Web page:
Surprise! A new Distress product. Distress Paint is the latest line of inky goodness from Tim Holtz, released just weeks ago at CHA2013. Like the ink pads, stains, and markers before them, these are conveniently packaged and expertly marketed paints designed to take your stamping to the next level.
They are similar in packaging to Adirondak Paint Dabbers, but these paints have a few notable differences (besides just the fact that they’re color-matched to the rest of the Distress line). The paint itself is much more fluid than what you’ll find in Adirondak dabbers, though not nearly as fluid as Distress Stains. Like all other Distress products, these paints are reactive with water, though unlike other Distress products, they are only reactive while wet. This means that until the paint dries you can spatter and blend with water to your heart’s content, but once it’s set you it’s not going anywhere. The other Distress products will show water spots if you wet them after they dry, which is convenient for some projects, but not so much for others.
Anyway, after just a couple of uses, I’m completely in love with these. To prove it, I’m declaring this week Distress Paint Week. I’ve found that because they’re so new, the internet doesn’t have much to say about them. I’m out to change that.
So today I’ve created some quick comparison swatches. Because I know what you’re all thinking: what are they good for? I mean really, how many versions of the same ink/pigment/dye color do you need in your craft room? My answer is all of them. I know Distress products have overlapping uses, and the colors are all formulated to be about the same, each line has it’s own distinct benefits that, for a supply hoarder like me, are worth having.
First, I gathered a set of matching colors in Distress Ink, Distress Markers, Distress Stains and Distress Paints. The combo I decided on was Victorian Velvet, Fired Brick, and Spiced Marmalade. Then I made a background with each set, using what I call the default Tim Holtz technique. You know the one. You smear some color on a craft mat,
spritz with water,
and drag your paper through the puddle. It’s pretty much the first thing Tim ever does when he’s demoing a new product.
Here’s what I ended up with.
Some pretty significant differences, huh? But allow me to go into more detail…
Distress Ink: Gorgeous, vibrant color with good blending. Using the ink pads for this method does require more water for good blending, and it can be difficult to get good saturation on lighter colors. Otherwise, this is what Distress Inks were designed to do (other than stamping, obviously).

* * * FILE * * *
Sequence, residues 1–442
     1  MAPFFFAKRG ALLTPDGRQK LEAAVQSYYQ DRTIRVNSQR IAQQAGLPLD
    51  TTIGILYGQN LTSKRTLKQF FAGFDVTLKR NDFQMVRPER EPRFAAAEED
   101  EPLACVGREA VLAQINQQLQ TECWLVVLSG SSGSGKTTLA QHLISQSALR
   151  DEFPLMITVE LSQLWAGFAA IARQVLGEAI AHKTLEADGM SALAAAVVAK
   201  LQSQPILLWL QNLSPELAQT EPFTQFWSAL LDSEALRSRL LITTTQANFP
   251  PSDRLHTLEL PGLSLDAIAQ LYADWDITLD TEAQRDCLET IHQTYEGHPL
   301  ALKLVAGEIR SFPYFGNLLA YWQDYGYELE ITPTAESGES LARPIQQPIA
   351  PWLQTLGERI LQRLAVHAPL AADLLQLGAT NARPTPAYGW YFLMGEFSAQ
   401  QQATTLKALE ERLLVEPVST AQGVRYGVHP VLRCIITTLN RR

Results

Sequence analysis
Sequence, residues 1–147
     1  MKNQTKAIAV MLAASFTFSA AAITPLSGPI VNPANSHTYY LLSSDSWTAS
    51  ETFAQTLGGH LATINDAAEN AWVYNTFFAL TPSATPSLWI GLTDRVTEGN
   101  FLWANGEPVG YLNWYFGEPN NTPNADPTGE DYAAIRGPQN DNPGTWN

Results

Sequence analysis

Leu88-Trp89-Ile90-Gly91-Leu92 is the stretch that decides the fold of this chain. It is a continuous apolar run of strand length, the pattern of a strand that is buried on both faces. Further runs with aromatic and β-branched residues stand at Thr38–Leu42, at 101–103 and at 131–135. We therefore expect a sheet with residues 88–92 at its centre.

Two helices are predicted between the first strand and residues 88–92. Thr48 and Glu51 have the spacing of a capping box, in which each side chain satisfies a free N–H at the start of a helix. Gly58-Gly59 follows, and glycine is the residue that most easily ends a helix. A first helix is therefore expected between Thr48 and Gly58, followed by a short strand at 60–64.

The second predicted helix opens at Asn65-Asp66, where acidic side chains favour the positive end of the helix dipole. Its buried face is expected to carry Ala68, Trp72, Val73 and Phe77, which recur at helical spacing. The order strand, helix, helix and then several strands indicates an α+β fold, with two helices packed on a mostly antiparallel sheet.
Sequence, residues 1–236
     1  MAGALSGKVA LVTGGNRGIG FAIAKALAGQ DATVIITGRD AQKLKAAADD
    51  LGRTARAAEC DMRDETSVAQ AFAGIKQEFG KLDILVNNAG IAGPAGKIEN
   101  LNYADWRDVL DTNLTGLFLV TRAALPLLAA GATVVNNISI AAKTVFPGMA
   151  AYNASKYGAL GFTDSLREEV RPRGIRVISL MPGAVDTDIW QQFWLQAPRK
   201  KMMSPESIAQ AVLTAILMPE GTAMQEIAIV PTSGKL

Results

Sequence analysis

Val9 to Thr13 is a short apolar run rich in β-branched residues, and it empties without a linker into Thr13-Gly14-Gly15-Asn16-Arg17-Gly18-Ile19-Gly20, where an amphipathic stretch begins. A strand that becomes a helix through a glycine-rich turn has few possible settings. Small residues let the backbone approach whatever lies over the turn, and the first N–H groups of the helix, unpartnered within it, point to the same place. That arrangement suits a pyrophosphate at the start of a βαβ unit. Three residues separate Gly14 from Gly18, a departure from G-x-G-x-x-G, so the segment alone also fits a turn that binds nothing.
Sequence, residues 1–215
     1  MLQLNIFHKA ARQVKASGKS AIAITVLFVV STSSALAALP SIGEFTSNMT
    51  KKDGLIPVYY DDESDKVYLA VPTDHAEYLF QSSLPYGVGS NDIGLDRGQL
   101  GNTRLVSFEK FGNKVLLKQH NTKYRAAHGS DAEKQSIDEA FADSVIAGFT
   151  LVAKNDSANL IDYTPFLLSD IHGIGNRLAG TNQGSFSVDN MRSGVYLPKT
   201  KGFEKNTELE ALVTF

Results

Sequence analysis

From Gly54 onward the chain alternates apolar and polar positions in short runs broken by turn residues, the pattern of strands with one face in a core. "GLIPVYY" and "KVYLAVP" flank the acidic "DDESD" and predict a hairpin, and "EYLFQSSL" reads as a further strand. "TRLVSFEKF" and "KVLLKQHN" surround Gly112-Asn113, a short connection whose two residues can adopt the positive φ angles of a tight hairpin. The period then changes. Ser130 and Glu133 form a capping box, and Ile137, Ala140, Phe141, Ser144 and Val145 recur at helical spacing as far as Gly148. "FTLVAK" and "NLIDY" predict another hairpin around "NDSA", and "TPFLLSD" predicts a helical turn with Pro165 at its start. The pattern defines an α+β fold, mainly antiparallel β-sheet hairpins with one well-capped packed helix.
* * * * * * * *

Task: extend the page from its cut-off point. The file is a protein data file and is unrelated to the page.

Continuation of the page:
Distress Stain: Very similar results to the Distress Ink, but with much less water. The colors also tend to blend better with the stains simply because you can scatter the color on your craft mat rather than having those big square color blocks you get with the ink pads.
Distress Markers: The colors are more watered down and muted, which may just be the look you’re going for. These require about as much water as the Distress Ink, but you do have the ability to scatter your colors as much or as little as you’d like. Here I should also note that although the colors in each line are named the same, they aren’t quite perfect matches. The slight shade differences are probably most obvious in the markers.
Distress Paints: Last but not least. The paints result in a softer, creamier background with a slight matte texture. It’s hard to tell in the photos, but since the paints are semi-opaque as opposed to the transparent dyes in the other products, the paper looks more coated. I really love the softly the colors blend as well.
So there you have it. Tomorrow is Inky Linky day, so you can show me how you use these great paints. And later this week I’ll show off a couple of stamping techniques featuring my new toys! Please remember to like my Facebook page, vote for me on Top Mommy Blogs and/or follow me on Bloglovin’ to keep track of my updates!